Monitor FSLogix file share usage on Azure Files

  • Sander Rozemuller
  • posted: January 22, 2022
  • 1359 words
  • 7 minutes
  • last updated: Tue, 20 Sep 2022 10:10:51

In the new world of (Azure) Virtual Desktops and CloudPC, FSLogix is often used for handling user profiles. Now FSLogix is supported with the back of AzureAD only, FSLogix is almost a required component in an AVD or CloudPC environment. With that in mind is it extremely important to know if the FSLogix file share has enough space. In this post, I explain how to monitor the FSLogix file share usage.

Introduction

The plan is to monitor a storage account file share on his usage. Also, I do some maths to calculate the usage in percentage. There are several ways to monitor a storage account file share usage. LogAnalytics is an option but there is no way to do some maths. Because I don’t want to know the current bytes in use but a percentage, I use PowerShell. Later, I show the difference (and the gap) between Azure Monitor and PowerShell. Before we start let’s take a look at some background information. What is FSLogix and how does a storage account looks like.

What is FSLogix

FSLogix is a set of solutions that enhance, enable, and simplify non-persistent Windows computing environments. FSLogix solutions are appropriate for virtual environments in both public and private clouds. For combining FSLogix with Azure Virtual Desktop as a desktop virtualization solution on Azure, I store profiles on Azure Files. In this blog post, I show how to configure Azure Files with Azure AD joined session hosts automated.

In addition, please check the documentation about FSLogix: https://docs.microsoft.com/en-us/azure/architecture/example-scenario/wvd/windows-virtual-desktop-fslogix

Storage account components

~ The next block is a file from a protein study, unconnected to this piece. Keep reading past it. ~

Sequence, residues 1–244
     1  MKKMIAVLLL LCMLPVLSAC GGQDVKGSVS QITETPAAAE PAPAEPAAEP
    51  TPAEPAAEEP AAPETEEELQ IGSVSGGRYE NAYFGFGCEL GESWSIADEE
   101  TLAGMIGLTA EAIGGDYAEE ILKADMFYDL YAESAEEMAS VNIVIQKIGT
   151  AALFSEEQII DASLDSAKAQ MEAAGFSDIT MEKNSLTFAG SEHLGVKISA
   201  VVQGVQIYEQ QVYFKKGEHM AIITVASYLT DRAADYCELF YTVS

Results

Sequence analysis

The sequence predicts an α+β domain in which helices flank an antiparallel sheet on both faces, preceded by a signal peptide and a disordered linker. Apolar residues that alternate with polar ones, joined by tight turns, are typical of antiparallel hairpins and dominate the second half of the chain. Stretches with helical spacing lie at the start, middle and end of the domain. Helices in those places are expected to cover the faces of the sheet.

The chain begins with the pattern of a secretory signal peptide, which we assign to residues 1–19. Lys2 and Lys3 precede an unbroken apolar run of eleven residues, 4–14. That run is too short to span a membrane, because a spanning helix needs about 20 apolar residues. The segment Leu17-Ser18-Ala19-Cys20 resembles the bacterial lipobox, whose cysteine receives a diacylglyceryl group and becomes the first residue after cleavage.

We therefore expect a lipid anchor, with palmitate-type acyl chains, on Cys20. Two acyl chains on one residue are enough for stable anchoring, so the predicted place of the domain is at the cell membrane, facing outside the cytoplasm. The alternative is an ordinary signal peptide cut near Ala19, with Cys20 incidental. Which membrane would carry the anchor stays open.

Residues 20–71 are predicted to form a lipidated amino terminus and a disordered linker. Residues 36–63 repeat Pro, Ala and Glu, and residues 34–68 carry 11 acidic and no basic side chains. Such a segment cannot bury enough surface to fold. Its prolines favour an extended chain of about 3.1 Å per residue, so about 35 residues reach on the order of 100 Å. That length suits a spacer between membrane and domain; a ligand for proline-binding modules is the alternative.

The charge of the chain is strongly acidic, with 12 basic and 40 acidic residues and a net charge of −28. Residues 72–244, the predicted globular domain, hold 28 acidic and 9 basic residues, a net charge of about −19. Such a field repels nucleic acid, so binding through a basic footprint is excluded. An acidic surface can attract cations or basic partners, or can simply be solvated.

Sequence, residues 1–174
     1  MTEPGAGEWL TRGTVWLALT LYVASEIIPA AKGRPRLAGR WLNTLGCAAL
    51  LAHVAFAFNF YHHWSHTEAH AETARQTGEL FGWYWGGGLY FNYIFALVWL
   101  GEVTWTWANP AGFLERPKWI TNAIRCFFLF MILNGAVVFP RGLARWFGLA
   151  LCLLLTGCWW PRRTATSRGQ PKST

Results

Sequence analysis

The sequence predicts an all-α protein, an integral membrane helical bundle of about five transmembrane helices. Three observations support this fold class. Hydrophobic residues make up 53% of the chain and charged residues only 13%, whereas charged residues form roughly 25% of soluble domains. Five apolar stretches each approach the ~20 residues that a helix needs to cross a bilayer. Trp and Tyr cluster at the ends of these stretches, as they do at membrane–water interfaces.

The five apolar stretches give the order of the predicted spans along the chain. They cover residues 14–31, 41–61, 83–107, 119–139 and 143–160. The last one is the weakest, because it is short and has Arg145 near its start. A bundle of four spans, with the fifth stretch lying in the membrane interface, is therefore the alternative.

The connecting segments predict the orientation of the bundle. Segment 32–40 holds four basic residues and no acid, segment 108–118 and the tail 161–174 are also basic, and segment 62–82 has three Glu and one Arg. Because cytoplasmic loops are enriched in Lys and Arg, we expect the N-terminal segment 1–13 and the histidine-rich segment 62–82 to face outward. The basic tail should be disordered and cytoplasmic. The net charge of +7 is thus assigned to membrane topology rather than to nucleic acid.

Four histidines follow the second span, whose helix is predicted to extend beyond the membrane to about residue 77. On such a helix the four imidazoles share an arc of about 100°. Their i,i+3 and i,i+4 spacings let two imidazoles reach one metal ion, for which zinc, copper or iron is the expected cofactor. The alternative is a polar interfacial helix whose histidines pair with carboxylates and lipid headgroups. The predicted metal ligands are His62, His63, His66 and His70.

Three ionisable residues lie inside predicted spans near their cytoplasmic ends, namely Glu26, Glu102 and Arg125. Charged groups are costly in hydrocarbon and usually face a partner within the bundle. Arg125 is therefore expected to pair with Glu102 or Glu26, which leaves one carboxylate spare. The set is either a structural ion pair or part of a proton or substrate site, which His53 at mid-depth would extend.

An Azure storage account contains all of your Azure Storage data objects. The following data object are available: blobs, file shares, queues, tables, and disks. The storage account provides a globally unique namespace for storing your data on Azure. The data is accessible from anywhere in the world over HTTP or HTTPS. Data in your storage account is durable and highly available, secure, and massively scalable.

In the case of FSLogix, we need a file share. This file share is available from your desktop and used to store the .VHD file representing your profile.

To create a storage account automated, check my blog post about Configure FSLogix profile for Azure AD joined AVD session host automated.
For more information about Azure storage accounts in general, check the storage account overview.

Monitoring storage account file shares

To monitor the FSLogix storage account file share, we have some options. Azure Monitor with Storage Insights and REST API for example. In the next paragraphs, I show how to configure and use these options. The data I work with within this situation is a file share with one .VHD file. As shown in the screenshots below, I have a .VHD file. The .VHD file represents my FSLogix profile and is around 170MB.

profile-size

Storage account monitoring with Azure Monitor (storage insights)

First, we have the Azure Monitor with Storage Insights. Storage insights provide comprehensive monitoring of your Azure Storage accounts. It gives you a view of the service’s performance, capacity, and availability. You can observe storage capacity, and performance in two ways, view directly from a storage account or view from Azure Monitor to see across groups of storage accounts.